I suppose that when it comes to money management in betting, we could talk for hours, and hours, and never  come to any definite conclusions. I know through my own chats with mates and colleagues over the years that each bettor has his or her own ideas about how best to bet their money.

We've had the topic of 'eachway or two bets a win' discussed on a number of occasions in the magazine. Some punters will always back their selections eachway because it's their conservative nature to 'play safe' in case they're wrong.

Who likes backing for a win and seeing the horse get nosed into 2nd place? The eachway punter reasons that in situations like this, he at least has a chance of redeeming some of his stake.

I've always found that pro punters agree that backing two horses in a race is a much safer and more profitable proposition than investing eachway on just one runner. The punter can always hit a long losing streak if he bets race to race and pins all his faith on one horse.  There's less chance of this happening if he backs two horses straightout.

The two-horse punter is better protected against the long losing run which seems to come the way of most at some time or another.

Punters who use two stakes to be straightout on both the first and second favourites will probably average 48 outs per 100 races. The possibility of a bad streak is reduced while the average price of second favourites can be 3/1 or longer.

If you intend to try this approach to staking, the best plan is to put aside a special 'bank' and bet to a percentage of it, split into two stakes for the two horses. If you had $1000 capital, you could bet 5 per cent, which would call for a bet of $25 to win on both runners.

As your capital increases so does your stake. The bank could grow quite quickly, believe me. But I suggest that at any time you are showing a reasonable profit, you should declare a dividend of, say, 50 per cent of the profit.

Multiple betting versus solo selection betting has long been a topic of conversation. An Australian weekly booklet back in 1972 was discussing the issue and I have other books which have punters arguing the toss back in the early '30s!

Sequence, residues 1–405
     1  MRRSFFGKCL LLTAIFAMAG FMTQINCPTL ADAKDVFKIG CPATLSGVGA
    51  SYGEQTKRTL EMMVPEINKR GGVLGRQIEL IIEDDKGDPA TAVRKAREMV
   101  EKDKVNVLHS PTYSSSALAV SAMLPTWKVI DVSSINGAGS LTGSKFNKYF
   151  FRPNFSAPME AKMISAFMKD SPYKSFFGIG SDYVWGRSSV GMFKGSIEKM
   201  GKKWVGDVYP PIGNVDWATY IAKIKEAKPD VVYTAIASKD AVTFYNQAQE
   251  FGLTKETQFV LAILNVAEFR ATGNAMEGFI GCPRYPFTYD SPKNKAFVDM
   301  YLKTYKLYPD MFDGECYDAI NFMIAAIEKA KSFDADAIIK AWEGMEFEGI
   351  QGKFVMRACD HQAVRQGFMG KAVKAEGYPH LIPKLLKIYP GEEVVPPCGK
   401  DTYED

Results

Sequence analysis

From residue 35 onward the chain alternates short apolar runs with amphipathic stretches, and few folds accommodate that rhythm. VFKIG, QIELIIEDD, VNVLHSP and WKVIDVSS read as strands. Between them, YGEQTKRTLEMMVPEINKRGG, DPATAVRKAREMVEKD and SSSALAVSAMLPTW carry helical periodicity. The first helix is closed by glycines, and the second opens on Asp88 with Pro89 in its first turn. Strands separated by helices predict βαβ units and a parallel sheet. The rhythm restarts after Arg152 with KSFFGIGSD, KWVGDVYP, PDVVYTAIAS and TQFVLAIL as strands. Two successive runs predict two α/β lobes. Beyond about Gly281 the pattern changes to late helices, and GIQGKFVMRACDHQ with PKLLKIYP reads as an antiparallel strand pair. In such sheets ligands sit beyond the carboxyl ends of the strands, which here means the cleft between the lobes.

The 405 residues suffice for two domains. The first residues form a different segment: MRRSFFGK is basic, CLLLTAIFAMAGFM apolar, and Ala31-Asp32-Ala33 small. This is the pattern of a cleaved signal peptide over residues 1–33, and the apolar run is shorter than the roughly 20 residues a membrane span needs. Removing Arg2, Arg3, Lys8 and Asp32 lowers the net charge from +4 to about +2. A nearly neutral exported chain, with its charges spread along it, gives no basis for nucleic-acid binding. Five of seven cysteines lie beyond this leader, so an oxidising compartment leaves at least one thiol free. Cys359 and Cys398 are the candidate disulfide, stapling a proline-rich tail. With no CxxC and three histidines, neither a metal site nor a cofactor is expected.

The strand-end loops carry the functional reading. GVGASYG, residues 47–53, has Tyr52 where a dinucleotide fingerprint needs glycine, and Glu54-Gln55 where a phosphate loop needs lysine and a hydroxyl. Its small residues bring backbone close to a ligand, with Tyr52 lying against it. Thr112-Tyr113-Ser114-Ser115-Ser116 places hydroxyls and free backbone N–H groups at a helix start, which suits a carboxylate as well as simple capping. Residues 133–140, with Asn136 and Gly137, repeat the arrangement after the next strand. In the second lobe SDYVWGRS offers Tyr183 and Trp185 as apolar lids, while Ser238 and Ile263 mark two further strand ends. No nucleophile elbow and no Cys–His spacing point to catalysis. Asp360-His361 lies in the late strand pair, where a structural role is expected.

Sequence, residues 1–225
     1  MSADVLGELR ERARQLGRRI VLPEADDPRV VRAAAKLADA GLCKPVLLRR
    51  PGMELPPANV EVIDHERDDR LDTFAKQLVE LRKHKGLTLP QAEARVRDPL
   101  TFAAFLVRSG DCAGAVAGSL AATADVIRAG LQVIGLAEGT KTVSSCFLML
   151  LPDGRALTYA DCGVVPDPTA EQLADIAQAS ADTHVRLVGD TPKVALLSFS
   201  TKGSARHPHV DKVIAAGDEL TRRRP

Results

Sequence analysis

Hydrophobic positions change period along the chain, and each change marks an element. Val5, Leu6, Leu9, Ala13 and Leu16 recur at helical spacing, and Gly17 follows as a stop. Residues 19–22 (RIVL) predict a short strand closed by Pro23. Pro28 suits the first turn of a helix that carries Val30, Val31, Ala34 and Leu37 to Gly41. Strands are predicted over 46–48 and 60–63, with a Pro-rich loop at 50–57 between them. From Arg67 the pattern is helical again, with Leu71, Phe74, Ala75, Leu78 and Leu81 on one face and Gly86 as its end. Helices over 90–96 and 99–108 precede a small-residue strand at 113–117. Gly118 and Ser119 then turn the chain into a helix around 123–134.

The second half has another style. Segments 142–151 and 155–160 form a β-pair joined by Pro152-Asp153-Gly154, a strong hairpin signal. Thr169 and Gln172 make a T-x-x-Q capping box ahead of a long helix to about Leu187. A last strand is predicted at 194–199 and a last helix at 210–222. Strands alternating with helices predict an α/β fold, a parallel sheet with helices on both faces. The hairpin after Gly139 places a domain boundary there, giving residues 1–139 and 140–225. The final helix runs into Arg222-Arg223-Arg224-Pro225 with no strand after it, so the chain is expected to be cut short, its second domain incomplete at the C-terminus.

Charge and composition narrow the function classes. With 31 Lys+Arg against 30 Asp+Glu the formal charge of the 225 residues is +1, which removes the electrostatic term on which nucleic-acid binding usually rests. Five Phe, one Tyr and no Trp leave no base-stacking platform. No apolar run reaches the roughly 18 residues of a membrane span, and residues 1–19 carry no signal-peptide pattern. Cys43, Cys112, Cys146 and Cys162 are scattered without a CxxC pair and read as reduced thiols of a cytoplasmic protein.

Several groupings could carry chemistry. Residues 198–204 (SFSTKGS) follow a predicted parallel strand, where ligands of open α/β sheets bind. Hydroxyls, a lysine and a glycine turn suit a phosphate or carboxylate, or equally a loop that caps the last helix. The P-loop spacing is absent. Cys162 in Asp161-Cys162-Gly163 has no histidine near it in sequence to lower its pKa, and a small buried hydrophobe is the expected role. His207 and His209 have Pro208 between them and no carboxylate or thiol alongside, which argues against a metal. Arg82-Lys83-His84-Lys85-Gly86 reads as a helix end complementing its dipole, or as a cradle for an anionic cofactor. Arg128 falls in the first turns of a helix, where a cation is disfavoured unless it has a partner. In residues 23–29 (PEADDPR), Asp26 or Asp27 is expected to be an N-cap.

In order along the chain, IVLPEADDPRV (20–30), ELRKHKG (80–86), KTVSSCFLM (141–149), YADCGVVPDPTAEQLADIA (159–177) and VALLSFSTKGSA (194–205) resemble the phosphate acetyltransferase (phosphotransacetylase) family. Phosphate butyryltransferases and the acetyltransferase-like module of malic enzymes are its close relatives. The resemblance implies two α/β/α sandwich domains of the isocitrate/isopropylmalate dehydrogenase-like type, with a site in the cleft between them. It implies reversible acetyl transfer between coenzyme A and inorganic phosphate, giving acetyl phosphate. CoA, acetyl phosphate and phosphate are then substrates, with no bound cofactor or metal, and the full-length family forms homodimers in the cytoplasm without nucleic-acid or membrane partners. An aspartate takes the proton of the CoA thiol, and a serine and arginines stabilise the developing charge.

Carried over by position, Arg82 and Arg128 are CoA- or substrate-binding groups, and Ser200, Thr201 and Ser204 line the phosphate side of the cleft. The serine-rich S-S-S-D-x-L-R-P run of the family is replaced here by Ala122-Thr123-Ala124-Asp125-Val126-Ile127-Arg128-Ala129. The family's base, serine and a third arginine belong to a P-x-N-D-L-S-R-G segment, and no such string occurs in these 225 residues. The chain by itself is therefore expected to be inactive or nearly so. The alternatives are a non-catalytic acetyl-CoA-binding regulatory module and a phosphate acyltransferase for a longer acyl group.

So while things change, they more or less stay the same, don't they?

In the booklet, one punter was putting forward the point that in 100 races he would bet $50 eachway every race, and backed 20 winners at 4/1, and had another 40 selections running 2nd or 3rd. How would that compare with a punter backing four runners per race at odds of 3/1, 4/1, 6/1 and 8/1?

The booklet replied: "This man's total investment is $10,000. He gains $5000 from the 20 wins, on 40 races he breaks square, and he loses $4000 on the remaining 40 plays. The result is a nett profit of $1000 or 10 cents in the dollar.

"Let us assume our judgement is on a par. I am backing 4 runners a race so, on that assumption, I'd have to back at least four times as many winners with the overall result of 80 winning and 20 losing plays.

"In backing each of the runners at the stated odds to return $100, including stake, the investment comes to $70 a race. I would drop $1400 on the 20 losing races. On each of the 80 winning races there would be a profit of $30, or a total gain of $2400.

"My net profit would also be $1000 but my relative yield on turnover would be just over 40 per cent greater. My total outlay is only $7000 for a gain of slightly more than 14c on the invested dollar, even though in each race I was laying odds of 7/3 ON backing a winner.